CONCLUSION: The study produced an estimate of greenhouse gases from the livestock sector in the Minahasa Regency. During the studied period (2010-2022), the total greenhouse gas emissions exhibited an average annual increase of 3.17 percent. In 2022, the emissions consisted of methane and dinitrous oxide, with respective contributions of 99.38 percent per year and 0.62. Based on the spatial mapping, the Sonder District produced the largest cumulative emissions, primarily driven by emissions from animal waste management. Conversely, the Kawangkoan District dominated emissions stemming from the enteric fermentation of ruminant animals. These findings imply that all stakeholders in the Minahasa Regency should prioritize efforts to implement adaptation and mitigation programs to reduce these impacts. 

Graphical Abstract

Estimation of livestock greenhouse gas for impact mitigation


  • There were three periods of increase in livestock GHG during the estimation period (2010-2022), with an average increase of 3.17%;
  • The largest emission source is methane gas of 64.68 Gg/CO2-eq/y, followed by a N2O of 0.41 Gg/CO2/y;
  • Methane gas derived from enteric fermentation dominates total emissions, although the population of non-ruminant animals is more significant than that of ruminants;
  • Climate change and its various phenomena are a reality that urgently needs concrete action to overcome it and must be done together at the global, regional, national, and local levels.


Main Subjects


©2024 The author(s). This article is licensed under a Creative Commons Attribution 4.0 International License, which permits use, sharing, adaptation, distribution and reproduction in any medium or format, as long as you give appropriate credit to the original author(s) and the source, provide a link to the Creative Commons license, and indicate if changes were made. The images or other third party material in this article are included in the article’s Creative Commons license, unless indicated otherwise in a credit line to the material. If material is not included in the article’s Creative Commons license and your intended use is not permitted by statutory regulation or exceeds the permitted use, you will need to obtain permission directly from the copyright holder. To view a copy of this license, visit:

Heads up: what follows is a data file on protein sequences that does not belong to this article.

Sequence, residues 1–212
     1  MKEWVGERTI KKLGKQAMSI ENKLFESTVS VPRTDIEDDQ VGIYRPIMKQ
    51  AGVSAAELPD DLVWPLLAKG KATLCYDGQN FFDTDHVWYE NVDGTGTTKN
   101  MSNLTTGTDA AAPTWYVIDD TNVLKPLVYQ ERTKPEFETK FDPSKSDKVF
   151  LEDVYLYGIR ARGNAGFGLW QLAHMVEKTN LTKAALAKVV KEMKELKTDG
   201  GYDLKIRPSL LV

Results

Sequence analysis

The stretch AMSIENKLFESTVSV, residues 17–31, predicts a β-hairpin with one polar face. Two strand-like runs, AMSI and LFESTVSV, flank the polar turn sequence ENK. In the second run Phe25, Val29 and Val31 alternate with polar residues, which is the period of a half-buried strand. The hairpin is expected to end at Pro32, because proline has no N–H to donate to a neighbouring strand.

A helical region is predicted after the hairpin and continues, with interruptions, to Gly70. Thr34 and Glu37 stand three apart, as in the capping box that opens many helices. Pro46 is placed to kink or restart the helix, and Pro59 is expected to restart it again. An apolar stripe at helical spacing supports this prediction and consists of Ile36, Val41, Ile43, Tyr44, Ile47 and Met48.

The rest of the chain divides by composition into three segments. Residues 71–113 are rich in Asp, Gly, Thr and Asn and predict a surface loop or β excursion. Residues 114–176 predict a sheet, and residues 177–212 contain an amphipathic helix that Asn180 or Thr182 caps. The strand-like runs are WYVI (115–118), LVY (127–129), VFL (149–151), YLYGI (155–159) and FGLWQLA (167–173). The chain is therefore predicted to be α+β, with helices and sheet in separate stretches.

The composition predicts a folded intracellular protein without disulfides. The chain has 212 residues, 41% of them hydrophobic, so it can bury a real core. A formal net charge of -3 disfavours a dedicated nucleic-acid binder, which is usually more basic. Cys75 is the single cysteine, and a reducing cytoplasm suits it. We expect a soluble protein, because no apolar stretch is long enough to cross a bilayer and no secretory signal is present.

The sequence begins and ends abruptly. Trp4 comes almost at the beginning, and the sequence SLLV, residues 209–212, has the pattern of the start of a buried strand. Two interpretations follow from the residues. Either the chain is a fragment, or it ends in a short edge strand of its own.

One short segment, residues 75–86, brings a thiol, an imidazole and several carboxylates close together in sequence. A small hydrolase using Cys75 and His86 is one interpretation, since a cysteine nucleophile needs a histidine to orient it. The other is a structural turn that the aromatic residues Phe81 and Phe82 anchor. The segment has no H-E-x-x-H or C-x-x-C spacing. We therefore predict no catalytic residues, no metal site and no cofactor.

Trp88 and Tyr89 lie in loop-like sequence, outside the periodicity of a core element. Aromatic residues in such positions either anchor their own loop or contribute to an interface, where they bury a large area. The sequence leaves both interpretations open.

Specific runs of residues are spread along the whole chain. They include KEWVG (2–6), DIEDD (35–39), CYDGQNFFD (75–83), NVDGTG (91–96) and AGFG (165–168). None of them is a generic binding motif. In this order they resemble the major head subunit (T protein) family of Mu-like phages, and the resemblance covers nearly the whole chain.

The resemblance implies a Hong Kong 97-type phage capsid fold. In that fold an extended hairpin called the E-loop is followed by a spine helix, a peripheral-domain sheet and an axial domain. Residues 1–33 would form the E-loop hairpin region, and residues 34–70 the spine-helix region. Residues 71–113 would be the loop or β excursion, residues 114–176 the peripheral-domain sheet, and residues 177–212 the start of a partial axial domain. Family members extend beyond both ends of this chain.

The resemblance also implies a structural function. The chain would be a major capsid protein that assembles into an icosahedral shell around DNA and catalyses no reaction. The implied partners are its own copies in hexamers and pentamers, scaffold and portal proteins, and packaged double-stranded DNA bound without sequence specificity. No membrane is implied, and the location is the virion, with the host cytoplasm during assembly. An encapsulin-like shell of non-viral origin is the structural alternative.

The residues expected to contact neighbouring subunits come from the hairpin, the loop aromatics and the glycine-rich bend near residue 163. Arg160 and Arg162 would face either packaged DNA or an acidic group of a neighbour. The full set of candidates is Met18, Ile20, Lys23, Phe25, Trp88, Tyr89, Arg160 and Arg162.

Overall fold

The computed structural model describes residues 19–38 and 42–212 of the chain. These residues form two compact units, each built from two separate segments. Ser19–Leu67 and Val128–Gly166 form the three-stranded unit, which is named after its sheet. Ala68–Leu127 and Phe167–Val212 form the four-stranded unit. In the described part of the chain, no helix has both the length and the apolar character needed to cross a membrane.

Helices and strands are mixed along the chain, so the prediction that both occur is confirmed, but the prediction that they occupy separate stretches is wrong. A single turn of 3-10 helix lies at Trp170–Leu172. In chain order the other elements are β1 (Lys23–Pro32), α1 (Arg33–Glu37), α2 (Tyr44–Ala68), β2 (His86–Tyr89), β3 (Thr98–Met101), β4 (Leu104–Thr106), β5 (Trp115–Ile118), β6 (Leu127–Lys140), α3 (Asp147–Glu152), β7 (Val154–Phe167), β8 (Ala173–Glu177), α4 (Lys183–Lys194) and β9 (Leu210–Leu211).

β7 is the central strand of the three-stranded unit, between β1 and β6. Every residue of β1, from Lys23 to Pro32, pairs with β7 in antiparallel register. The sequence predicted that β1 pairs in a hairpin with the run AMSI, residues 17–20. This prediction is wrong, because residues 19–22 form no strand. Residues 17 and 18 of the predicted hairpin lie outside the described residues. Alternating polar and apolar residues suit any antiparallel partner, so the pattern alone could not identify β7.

GJESM Publisher remains neutral concerning jurisdictional claims in published maps and institutional affiliations.


Google Scholar Scopus Web of Science PlumX Metrics Altmetrics Mendeley |


Letters to Editor

GJESM Journal welcomes letters to the editor for the post-publication discussions and corrections which allows debate post publication on its site, through the Letters to Editor. Letters pertaining to manuscript published in GJESM should be sent to the editorial office of GJESM within three months of either online publication or before printed publication, except for critiques of original research. Following points are to be considering before sending the letters (comments) to the editor.

[1] Letters that include statements of statistics, facts, research, or theories should include appropriate references, although more than three are discouraged.
[2] Letters that are personal attacks on an author rather than thoughtful criticism of the author’s ideas will not be considered for publication.
[3] Letters can be no more than 300 words in length.
[4] Letter writers should include a statement at the beginning of the letter stating that it is being submitted either for publication or not.
[5] Anonymous letters will not be considered.
[6] Letter writers must include their city and state of residence or work.
[7] Letters will be edited for clarity and length.